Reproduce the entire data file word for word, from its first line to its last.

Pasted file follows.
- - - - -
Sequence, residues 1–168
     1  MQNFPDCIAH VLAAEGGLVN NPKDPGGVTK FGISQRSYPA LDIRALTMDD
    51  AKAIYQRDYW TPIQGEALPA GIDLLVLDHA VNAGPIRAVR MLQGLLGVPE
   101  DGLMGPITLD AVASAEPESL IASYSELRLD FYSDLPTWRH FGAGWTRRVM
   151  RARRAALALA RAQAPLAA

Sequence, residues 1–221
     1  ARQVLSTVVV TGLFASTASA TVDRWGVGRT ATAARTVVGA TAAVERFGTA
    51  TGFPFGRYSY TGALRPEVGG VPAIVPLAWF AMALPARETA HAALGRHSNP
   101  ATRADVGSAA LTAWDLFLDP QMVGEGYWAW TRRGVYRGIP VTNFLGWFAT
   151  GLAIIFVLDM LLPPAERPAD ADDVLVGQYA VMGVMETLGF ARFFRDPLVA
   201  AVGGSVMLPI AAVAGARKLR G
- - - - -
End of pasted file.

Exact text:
Sequence, residues 1–168
     1  MQNFPDCIAH VLAAEGGLVN NPKDPGGVTK FGISQRSYPA LDIRALTMDD
    51  AKAIYQRDYW TPIQGEALPA GIDLLVLDHA VNAGPIRAVR MLQGLLGVPE
   101  DGLMGPITLD AVASAEPESL IASYSELRLD FYSDLPTWRH FGAGWTRRVM
   151  RARRAALALA RAQAPLAA

Sequence, residues 1–221
     1  ARQVLSTVVV TGLFASTASA TVDRWGVGRT ATAARTVVGA TAAVERFGTA
    51  TGFPFGRYSY TGALRPEVGG VPAIVPLAWF AMALPARETA HAALGRHSNP
   101  ATRADVGSAA LTAWDLFLDP QMVGEGYWAW TRRGVYRGIP VTNFLGWFAT
   151  GLAIIFVLDM LLPPAERPAD ADDVLVGQYA VMGVMETLGF ARFFRDPLVA
   201  AVGGSVMLPI AAVAGARKLR G